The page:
Local cricket faces great uncertainty

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Local cricket faces a period of great uncertainty with the president of the T&T Cricket Board, Azim Bassarath, warning that recent developments have caused grave concern and does not auger well for the future of the sport.

Bassarath caused shock waves at the recent prize distribution function of the East Zone of the T&TCB when he questioned whether recent developments targetting top elected officials of the national governing body were part of “a larger, sinister scenario” to remove the present administration.

The T&TCB is currently facing a legal challenge in the High Court to its established process to elect its executive officers, brought by several national league representatives headed by Dinanath Ramnarine, ex-president of the West Indies Players’ Association, and Daren Ganga, a former national captain.

Adding to the intrigue are reports that the car of a senior cricket official has been shot at while parked at his home, while the tyres of a team official vehicle was slashed inside the Queen’s Park Oval in Port-of-Spain during a recent practice match involving the national cricket team.

The local cricket chief’s revelations caused further consternation when he revealed that recent attempts have been made to hack into the e-mail accounts of three cricket administrators.

“My question to you tonight: Are these matters coincidental? And if it is, who is the mastermind behind it? Why target cricket, a sport which has always brought great joy and happiness to its fans and delivered results to its many stakeholders and whose governance is marked by honesty and integrity?” Bassarath stated.

The hushed audience at the Tunapuna Hindu School on Saturday also heard that two years after floodlights were installed at the National Cricket Centre in Balmain, Couva, the T&TCB was served with a utility bill for $150,000, despite a verbal agreement that it will not be charged by virtue of its status as a national sports organisation.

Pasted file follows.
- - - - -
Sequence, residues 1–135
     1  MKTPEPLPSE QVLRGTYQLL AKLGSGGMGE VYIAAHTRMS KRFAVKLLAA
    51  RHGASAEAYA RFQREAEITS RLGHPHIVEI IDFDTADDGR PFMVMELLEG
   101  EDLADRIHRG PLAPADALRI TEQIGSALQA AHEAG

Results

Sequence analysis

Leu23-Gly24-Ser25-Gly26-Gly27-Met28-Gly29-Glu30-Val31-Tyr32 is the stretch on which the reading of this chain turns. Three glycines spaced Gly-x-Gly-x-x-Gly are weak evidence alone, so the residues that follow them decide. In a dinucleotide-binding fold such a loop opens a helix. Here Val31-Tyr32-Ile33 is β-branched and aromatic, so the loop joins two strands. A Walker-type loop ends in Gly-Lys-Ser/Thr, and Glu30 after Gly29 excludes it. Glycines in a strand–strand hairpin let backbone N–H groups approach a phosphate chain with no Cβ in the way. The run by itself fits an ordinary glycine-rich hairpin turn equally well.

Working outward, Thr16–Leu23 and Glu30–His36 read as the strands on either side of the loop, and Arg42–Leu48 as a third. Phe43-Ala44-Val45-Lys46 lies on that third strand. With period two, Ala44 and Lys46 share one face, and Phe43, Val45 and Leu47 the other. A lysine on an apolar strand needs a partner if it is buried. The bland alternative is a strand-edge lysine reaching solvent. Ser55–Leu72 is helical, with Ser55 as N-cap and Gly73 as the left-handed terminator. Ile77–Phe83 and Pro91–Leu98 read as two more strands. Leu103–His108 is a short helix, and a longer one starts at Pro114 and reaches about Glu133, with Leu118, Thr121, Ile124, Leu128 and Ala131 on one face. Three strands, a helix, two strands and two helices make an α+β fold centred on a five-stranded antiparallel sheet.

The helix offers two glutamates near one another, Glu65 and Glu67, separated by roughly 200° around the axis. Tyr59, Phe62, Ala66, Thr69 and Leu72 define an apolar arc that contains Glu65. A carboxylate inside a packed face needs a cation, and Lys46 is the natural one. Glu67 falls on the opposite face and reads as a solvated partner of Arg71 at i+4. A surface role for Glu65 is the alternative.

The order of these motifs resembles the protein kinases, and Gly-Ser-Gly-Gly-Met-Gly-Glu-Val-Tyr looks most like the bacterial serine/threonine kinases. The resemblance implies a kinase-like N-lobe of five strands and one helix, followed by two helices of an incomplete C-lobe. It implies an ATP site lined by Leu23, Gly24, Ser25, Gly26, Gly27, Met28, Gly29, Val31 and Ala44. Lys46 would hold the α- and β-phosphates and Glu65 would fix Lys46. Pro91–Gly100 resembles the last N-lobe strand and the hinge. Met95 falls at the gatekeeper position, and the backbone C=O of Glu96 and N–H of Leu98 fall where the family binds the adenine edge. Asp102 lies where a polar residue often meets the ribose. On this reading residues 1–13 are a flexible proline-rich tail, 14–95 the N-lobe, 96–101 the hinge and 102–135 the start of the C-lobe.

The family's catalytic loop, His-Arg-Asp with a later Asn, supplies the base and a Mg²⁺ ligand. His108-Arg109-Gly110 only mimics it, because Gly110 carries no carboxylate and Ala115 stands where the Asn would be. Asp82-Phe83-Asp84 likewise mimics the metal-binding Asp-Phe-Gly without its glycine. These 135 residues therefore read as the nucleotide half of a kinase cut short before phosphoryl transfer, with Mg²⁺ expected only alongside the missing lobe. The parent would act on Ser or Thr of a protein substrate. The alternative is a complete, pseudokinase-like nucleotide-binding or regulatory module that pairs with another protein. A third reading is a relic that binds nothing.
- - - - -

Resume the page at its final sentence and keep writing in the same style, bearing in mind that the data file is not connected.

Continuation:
He said subsequent to receipt of the bill, the power to the facility was ignominiously cut, which he said begs the question whether these incidents are accidental, by design or by influence and to whose benefit. “Certainly, not cricket,’’ he declared.

Bassarath said that the campaign to tarnish the image of the sport and its top officers has been accelerated by a slew of unsubstantiated newspaper reports which—among other things—accused the T&TCB of not supporting its players in matters involving the regional cricket body.

The local cricket chief reiterated that the modus operandi of the T&TCB does not include seeking cheap publicity, pursuing recourse through litigation “to the extreme”, advocating strikes by players, and other activities designed to disrupt the sport and its administration.

“We as custodians of the game in T&T, understand the herculean effort of the administrators before us who worked tirelessly to build the T&TCB, literally brick by brick, or in cricket terms, run by run, not with quick fixes but sturdy and strong effort, with honest sweat borne out of a vision of equality for all cricketers, clubs and affiliates involved in this great game,” Bassarath said.

He reminded the audience that since its formation in 1980, and under four presidents, the T&TCB has never failed to submit audited financial statements, reports by its general secretary and have religiously complied with its governance requirements.

“The T&TCB has never missed or had cause to postpone an election, until the 2016 Annual General Meeting was put pending the action taken against it and which is now before the San Fernando High Court,” Bassarath said.

He said in 37 years of existence, the T&TCB has been involved in three legal matters and that a cursory perusal of the records will show that the name of one litigant crops up in all three, and the other, in two.

Bassarath said the exemplary accomplishments of the T&TCB covers every aspect of the sport on a nationwide basis including clubs, individual cricketers, youth programmes and administration.

“From a highly urban base of national cricketers pre-1980, to true and full national representative teams, at all levels, male and female in 2017. Research will show conclusively that cricket is well-run, fair, efficient, visionary, balanced and mature and not driven by any self-serving philosophy,” said Bassarath.

Photo: TTCB President… Azim Bassarath

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